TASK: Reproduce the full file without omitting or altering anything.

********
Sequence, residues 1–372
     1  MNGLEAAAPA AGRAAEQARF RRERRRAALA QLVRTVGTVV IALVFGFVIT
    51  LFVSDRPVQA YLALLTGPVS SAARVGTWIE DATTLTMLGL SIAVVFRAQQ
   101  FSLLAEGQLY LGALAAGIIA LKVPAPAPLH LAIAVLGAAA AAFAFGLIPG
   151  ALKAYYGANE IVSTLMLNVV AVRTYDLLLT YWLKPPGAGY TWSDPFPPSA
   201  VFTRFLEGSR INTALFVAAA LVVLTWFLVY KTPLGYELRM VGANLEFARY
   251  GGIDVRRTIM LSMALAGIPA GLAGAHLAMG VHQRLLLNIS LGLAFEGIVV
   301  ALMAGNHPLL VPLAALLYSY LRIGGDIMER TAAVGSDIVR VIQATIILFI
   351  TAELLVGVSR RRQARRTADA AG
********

Sequence, residues 1–372
     1  MNGLEAAAPA AGRAAEQARF RRERRRAALA QLVRTVGTVV IALVFGFVIT
    51  LFVSDRPVQA YLALLTGPVS SAARVGTWIE DATTLTMLGL SIAVVFRAQQ
   101  FSLLAEGQLY LGALAAGIIA LKVPAPAPLH LAIAVLGAAA AAFAFGLIPG
   151  ALKAYYGANE IVSTLMLNVV AVRTYDLLLT YWLKPPGAGY TWSDPFPPSA
   201  VFTRFLEGSR INTALFVAAA LVVLTWFLVY KTPLGYELRM VGANLEFARY
   251  GGIDVRRTIM LSMALAGIPA GLAGAHLAMG VHQRLLLNIS LGLAFEGIVV
   301  ALMAGNHPLL VPLAALLYSY LRIGGDIMER TAAVGSDIVR VIQATIILFI
   351  TAELLVGVSR RRQARRTADA AG